Here’s a press release from the Oxford Dictionary of National Biography. You can access this invaluable resource for reliable biographical information by visiting http://www.derbyshire.gov.uk/leisure/libraries/online_information/oxford_biographies/default.asp, with your Derbyshire Library card near at hand.
Two Derbyshire pioneers, who helped to shape British motoring in the twentieth century, are included in the latest update to the Oxford Dictionary of National Biography (www.oxforddnb.com), published on Thursday 30 May.
Creator of the Ferodo brand of friction products, the inventor Herbert Frood (1864-1931) of Chapel-en-le-Frith, began his experiments to improve braking power in the age of the horse. He noticed that even quite splendid horse-drawn carriages had shoddy and ineffective brakes. He discovered that woven cotton blocks made more effective brakes, and initially marketed them to horse omnibus companies. The emerging motor car industry gave his a new market – and a huge opportunity. The great turning point – in Frood’s own words – was his application of asbestos, with its resistance to heat and fire, and by 1914 Frood was the leading maker of friction products. He registered the Ferodo brand in 1920 and opened a purpose-built factory in Chapel-en-le-Frith in 1925. Author Dr Peter Bartrip of Oxford University, who has researched the Ferodo archive in Derbyshire Record Office, writes that Frood’s ‘great achievement was to create an entirely new industry and turn it into a large and successful multinational business’.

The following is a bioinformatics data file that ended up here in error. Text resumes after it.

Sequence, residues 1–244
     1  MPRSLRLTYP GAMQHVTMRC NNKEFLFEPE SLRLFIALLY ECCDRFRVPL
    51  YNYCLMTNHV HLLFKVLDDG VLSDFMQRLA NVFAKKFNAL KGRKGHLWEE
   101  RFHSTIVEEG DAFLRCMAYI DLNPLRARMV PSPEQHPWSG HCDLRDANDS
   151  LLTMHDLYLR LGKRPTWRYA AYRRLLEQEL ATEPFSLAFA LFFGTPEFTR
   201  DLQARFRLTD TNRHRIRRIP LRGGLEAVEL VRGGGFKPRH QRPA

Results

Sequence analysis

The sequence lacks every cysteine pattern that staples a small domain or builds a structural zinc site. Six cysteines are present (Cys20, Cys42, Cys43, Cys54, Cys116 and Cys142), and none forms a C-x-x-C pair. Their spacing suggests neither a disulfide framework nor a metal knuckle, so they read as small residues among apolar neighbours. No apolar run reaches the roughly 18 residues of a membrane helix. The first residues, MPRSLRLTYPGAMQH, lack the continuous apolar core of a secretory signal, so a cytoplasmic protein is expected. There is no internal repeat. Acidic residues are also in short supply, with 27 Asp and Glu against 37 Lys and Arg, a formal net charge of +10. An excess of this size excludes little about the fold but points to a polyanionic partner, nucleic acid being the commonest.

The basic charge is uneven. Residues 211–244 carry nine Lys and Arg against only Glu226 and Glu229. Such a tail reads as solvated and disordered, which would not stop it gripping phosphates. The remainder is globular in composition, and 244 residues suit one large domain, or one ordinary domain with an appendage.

Dr Bartrip has also researched the life of Derby-born racer Reg Parnell (1911-1964), a driver for the family haulage business even before he was old enough to hold a licence. The opening of the Donington Park circuit in 1931 sparked the young Reg Parnell’s enthusiasm for motor racing. From 1935 he was a regular on the circuit. The Second World War interrupted his racing career but in 1946 he returned to motorsport, winning the gold star of the British Racing Drivers’ Club in 1947 and 1948. This was a lean time for British racing, but Reg kept the flag flying with a third place finish in the inaugural grand prix at Silverstone in 1950. Major success came when he managed the Aston Martin team from 1957 to 1960. The team won at Le Mans in 1959. Dr Bartrip writes that Parnell ‘could prepare a car meticulously and was an astute judge of a driver, identifying the potential of such talented prospects as John Surtees, Chris Amon, and Mike Hailwood’. Reg bought a pig farm at Findern, Derbyshire and every Christmas gave members of the Aston Martin team cuts of pork from his farm.
Frood and Parnell are among over 60 pioneers of British motoring included in the latest update to the Oxford Dictionary of National Biography, ranging from the founder of the Aston Martin firm to the racer and team manager Bruce McLaren.